Overprescribing opioids has been a contributing factor in the province-wide drug crisis, as Jeremy Bohmann can attest. He was hospitalized for 11 days due to a herniated disc and was prescribed opioids to manage his pain. Bohmann joined NDP Mental Health and Addictions Critic Danielle Chartier today to call on the province to implement the Auditor’s recommendations for mitigating the dangerous and damaging misuse of opioids.
“Last year alone Saskatchewan saw 119 deaths related to opioid usage – that’s over a hundred families devastated by the lack of proper action to handle this crisis,” Chartier said. “It’s imperative that we not only help those who are battling addiction, but also create a system where people battling pain aren’t put at risk of becoming addicted.”
Internal government statistics show a spike in the number of new cases of HIV in Saskatchewan in the first quarter of 2019. In response, NDP Leader Ryan Meili is calling on the government to implement a comprehensive HIV strategy – something advocates have been calling for since at least 2016.
“Fifty more people were diagnosed with HIV in Saskatchewan in the first three months of 2019 alone,” Meili said. “That high number of new cases shows that we still have a lot of work to do. We need a comprehensive strategy to address both the stigma and spread of the HIV virus and ensure that those who have it get the treatment they need.”
The Saskatchewan NDP is calling on Premier Moe to make clear his commitment to working with the federal government in implementing a universal, single-payer, public pharmacare system. The call comes after Dr. Eric Hoskins and the Advisory Council on the Implementation National Pharmacare released their final report today, which made clear that the implementation will depend on active provincial support: “As with Medicare,” the report states, “it will be up to individual provinces and territories to opt in to national pharmacare by agreeing to the national standards and funding parameters of pharmacare.”
Meili announces critic role changes, calls for action on Missing and Murdered Indigenous Women Report
Today, NDP Leader Ryan Meili announced changes to the critic portfolios in the Official Opposition. As the now critic for First Nations and Métis Relations and the newly created Truth and Reconciliation file, he is calling on the government to address the findings of the National Inquiry into Missing and Murdered Indigenous Women and Girls.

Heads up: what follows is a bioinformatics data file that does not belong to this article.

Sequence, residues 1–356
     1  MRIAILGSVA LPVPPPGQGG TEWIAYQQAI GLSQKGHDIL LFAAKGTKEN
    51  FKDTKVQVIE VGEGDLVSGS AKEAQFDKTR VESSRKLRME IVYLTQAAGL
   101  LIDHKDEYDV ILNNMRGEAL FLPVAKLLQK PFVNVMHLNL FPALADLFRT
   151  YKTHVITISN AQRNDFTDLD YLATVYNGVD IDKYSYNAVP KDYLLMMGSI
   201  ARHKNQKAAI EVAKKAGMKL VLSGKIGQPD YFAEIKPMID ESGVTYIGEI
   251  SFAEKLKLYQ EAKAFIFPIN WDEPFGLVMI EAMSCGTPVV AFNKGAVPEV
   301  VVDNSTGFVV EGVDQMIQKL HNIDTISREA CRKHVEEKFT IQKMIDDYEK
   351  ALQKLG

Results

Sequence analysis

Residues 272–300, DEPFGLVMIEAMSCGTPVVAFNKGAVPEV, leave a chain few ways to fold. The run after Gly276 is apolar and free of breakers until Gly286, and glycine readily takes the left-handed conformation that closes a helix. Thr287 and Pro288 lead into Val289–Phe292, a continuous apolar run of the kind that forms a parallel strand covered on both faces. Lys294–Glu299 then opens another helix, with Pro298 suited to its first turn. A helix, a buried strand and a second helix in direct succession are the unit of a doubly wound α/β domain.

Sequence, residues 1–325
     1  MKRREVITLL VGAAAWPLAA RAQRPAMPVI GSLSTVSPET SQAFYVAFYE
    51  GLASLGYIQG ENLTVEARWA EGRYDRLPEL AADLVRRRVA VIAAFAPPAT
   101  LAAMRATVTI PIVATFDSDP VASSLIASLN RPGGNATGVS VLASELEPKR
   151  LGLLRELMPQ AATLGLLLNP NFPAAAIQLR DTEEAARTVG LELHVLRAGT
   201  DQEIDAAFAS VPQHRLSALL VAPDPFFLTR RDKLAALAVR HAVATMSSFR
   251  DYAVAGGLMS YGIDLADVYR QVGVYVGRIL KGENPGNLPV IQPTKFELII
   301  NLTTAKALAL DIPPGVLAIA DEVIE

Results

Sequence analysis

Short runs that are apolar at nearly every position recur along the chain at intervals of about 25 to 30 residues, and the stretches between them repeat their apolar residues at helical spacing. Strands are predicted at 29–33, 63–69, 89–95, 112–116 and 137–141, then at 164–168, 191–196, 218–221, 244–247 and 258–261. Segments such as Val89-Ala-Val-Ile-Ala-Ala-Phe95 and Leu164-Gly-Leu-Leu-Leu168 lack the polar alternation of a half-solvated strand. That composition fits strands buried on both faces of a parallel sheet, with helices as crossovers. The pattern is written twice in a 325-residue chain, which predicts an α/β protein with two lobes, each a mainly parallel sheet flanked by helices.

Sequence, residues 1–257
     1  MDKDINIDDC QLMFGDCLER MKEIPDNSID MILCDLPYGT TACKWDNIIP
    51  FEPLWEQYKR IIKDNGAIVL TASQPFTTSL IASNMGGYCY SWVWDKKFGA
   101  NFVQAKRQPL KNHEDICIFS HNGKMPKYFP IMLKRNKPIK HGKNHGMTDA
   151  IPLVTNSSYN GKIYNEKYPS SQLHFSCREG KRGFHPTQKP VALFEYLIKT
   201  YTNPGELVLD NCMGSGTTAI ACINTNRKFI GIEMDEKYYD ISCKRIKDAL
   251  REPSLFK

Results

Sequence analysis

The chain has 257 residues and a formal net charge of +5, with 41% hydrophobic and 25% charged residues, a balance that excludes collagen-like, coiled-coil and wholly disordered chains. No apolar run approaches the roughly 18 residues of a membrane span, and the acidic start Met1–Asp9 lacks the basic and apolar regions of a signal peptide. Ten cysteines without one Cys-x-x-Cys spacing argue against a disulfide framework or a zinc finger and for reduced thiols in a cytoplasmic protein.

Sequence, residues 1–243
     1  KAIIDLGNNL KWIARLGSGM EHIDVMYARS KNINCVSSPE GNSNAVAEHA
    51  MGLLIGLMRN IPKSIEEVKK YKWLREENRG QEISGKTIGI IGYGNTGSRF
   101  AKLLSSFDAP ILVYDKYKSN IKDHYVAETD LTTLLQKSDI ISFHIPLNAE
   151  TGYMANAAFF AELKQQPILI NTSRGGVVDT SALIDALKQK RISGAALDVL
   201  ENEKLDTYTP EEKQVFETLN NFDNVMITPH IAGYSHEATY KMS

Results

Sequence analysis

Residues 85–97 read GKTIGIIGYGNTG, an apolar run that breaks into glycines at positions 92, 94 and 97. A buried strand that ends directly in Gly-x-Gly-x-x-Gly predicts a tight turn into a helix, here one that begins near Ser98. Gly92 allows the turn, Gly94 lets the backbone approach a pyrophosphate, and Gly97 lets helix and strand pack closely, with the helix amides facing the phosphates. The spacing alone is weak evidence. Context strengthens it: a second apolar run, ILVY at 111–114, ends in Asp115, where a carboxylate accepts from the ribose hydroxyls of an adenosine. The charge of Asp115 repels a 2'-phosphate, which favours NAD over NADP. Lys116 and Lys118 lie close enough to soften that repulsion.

“The findings of the MMIWG Commissioners paint a stark picture of the violence experienced by Indigenous women, girls and two-spirit people in Canada. It’s important that we don’t just let this become another report that gathers dust on a shelf while the government makes excuses for not taking action,” Meili said. “We need to act on the recommendations to save lives and ensure safety for Indigenous women and girls in Saskatchewan, so that together we can build a brighter future for everyone.”
The Saskatchewan NDP is continuing its push to scrap the Sask. Party’s tax hike on construction labour after yet another Statistics Canada report shows that the value of building permits is falling.
“The PST expansion was a punch in the gut for our province’s construction industry,” said NDP Finance Critic Trent Wotherspoon. “Moody’s Analytics has already forecast declines in home values for each of the next two years. We’ve also seen investment in residential and non-residential construction decrease. It’s clear this harmful policy is hobbling an important driver of our economy.”
NDP Health Critic Vicki Mowat and Mental Health and Addictions Critic Danielle Chartier will be spending time in Prince Albert and North Battleford this week to gather insight and feedback on the challenges facing the health sector and what an NDP government could do to address them.
“We know how badly Prince Albert needs a second hospital, and we also know from North Battleford’s experience how important it is to build that hospital right, keeping it public and hiring Saskatchewan people and Saskatchewan companies to build it,” Mowat said. “We’re looking forward to hearing from people about the challenges they see in healthcare and what we can be doing to build a brighter and healthier future for everyone.”